A new study supports previous findings that resveratrol supplementation may block many of the cardiovascular benefits of physical activity.
Resveratrol, found in red wine and the skin of red grapes, is a potent antioxidant that is often touted as an exercise “mimic.” However, new research from Queen's University puts this benefit into question. In a small clinical trial, healthy participants engaged in high-intensity workouts three times per week for four weeks; those who took daily resveratrol supplements experienced fewer benefits from the exercise than participants who took the placebo pill. These findings support a study published in 2013 by researchers at the University of Copenhagen who found resveratrol supplementation blocked exercise benefits in sedentary, but otherwise healthy, older men.
Some of the key biological pathways activated during exercise generate forms of oxygen that readily react with and change many parts of our cells. These forms of oxygen are often considered negatively in theories of biological aging since they can damage proteins and DNA. As it turns out, their role depends on the situation and how they are being used by cells. In exercise, they are critical to conferring many of its benefits. Clues to their beneficial role in human exercise were confirmed by a clinical trial in 2009, which also demonstrated that vitamin C and E supplements, both powerful antioxidants, blunted many benefits of exercise.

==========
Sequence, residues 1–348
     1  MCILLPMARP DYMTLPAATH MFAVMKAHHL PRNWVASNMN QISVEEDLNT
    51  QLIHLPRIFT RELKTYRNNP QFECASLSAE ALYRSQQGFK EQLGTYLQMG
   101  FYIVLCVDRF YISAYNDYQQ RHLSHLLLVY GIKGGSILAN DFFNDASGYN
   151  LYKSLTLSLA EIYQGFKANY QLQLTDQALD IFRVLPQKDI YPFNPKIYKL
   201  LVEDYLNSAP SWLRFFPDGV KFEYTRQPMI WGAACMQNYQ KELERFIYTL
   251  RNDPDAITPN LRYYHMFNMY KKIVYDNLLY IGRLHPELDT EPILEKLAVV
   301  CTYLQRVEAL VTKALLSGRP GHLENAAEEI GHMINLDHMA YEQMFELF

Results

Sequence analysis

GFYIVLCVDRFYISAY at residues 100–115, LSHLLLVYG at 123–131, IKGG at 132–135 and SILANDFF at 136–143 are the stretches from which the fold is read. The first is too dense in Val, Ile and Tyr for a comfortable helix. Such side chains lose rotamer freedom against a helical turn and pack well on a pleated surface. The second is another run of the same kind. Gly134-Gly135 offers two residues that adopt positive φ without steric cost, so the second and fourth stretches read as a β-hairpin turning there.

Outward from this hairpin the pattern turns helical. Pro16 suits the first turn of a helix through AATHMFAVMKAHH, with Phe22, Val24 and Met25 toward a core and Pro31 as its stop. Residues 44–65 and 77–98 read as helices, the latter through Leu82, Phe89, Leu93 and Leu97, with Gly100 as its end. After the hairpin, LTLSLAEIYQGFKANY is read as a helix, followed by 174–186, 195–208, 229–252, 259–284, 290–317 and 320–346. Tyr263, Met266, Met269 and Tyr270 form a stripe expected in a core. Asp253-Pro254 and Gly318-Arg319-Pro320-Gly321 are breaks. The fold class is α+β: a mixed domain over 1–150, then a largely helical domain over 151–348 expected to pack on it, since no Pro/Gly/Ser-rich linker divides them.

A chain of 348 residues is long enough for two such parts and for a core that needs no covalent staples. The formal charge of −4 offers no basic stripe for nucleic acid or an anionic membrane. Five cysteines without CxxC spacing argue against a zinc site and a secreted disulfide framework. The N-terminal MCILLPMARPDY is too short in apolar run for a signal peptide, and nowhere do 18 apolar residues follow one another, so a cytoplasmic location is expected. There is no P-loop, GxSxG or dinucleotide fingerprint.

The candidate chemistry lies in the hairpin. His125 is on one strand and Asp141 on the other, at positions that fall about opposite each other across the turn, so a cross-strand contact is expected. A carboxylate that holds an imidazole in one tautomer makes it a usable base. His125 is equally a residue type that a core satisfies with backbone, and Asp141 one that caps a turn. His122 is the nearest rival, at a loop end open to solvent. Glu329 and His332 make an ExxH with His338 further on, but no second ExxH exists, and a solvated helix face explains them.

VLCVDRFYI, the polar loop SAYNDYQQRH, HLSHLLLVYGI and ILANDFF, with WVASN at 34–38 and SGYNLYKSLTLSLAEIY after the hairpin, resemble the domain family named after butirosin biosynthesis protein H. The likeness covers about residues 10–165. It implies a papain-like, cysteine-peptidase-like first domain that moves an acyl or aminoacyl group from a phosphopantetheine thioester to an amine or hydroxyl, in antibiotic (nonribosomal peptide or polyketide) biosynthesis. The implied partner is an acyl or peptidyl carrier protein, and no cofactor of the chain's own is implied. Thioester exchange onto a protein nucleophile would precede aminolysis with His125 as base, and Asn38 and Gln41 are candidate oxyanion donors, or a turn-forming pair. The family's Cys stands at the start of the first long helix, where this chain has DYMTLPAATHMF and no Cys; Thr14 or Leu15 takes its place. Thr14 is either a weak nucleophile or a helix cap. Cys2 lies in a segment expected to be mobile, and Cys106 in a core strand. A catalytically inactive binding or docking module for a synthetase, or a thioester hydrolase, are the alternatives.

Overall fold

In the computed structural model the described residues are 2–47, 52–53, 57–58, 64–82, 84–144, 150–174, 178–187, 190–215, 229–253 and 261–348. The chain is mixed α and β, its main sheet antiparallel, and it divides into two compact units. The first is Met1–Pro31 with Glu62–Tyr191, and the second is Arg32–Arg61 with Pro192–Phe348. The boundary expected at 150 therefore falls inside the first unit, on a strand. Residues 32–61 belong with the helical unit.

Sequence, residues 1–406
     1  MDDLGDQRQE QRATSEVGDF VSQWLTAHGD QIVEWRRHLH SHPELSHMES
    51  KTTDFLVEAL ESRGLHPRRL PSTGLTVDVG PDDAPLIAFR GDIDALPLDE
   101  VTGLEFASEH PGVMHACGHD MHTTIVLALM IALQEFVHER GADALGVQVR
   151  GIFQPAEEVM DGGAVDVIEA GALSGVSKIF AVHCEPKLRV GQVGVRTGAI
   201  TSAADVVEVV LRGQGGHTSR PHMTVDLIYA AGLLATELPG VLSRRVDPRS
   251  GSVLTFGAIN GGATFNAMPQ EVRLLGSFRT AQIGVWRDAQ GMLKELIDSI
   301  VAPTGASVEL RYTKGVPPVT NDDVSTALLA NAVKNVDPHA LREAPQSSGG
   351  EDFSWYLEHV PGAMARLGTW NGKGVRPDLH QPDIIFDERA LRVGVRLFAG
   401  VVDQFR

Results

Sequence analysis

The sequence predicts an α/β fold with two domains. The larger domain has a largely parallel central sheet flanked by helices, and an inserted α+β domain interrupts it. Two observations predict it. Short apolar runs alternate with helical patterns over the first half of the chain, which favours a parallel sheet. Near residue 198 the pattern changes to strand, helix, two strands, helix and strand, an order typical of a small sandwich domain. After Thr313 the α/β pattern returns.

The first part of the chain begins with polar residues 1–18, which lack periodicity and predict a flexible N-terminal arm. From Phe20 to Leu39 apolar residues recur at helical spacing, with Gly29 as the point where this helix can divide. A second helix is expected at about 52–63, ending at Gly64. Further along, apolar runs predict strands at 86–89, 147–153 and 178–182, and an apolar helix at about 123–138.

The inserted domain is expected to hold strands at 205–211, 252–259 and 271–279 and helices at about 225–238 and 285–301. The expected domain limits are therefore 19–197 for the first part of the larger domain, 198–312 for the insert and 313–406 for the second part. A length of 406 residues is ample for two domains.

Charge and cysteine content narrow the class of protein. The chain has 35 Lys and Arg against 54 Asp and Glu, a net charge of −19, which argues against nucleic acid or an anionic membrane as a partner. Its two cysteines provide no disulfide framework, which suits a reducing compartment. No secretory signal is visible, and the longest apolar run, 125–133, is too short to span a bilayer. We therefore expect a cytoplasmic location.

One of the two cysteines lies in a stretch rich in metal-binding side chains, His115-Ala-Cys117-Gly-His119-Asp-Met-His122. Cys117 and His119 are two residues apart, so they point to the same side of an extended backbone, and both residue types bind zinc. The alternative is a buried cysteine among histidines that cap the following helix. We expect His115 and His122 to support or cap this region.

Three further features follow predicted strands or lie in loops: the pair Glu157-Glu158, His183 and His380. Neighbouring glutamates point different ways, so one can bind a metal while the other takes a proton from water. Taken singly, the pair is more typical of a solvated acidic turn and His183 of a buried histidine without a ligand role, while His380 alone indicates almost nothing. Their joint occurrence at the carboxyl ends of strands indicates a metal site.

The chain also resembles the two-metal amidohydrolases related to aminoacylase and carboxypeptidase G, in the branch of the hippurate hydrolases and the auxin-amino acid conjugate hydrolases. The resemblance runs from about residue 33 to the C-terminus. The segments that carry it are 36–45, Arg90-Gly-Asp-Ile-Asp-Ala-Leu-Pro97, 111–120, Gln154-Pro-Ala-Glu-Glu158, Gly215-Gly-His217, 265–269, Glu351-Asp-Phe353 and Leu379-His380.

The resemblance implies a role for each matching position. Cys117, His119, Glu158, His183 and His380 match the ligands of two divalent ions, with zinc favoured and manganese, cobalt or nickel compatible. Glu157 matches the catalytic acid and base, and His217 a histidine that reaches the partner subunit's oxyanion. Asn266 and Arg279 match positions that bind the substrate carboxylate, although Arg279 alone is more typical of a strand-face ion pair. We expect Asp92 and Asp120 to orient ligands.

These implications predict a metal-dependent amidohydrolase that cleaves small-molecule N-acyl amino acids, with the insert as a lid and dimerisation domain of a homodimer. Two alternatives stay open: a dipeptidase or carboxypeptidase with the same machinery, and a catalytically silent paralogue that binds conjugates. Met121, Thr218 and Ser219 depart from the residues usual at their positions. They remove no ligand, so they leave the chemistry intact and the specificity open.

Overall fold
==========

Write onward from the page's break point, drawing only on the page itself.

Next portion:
Although the antioxidant properties of resveratrol may block some benefits of exercise, resveratrol may still prove helpful by activating Sirtuin 1, a protein that, according to some laboratory studies, may slow the aging process and protect cells from damage.
Photo: Don DeBold
Dr. Penny Dacks was previously the Director of Aging and Alzheimer’s Disease Prevention at the Alzheimer's Drug Discovery Foundation. She was trained in neuroscience at the Mount Sinai School of Medicine, the University of Arizona, and Queen's University (Canada) with individual fellowships from the National Institute of Health, the Evelyn F. McKnight Brain Research Foundation, the ARCS Foundation and the Hilda and Preston Davis Foundation. She has authored over 18 peer-reviewed scientific articles and is a member of the Society for Neuroscience, the Gerontological Society of America, the Endocrine Society and the Association for Women in Science.
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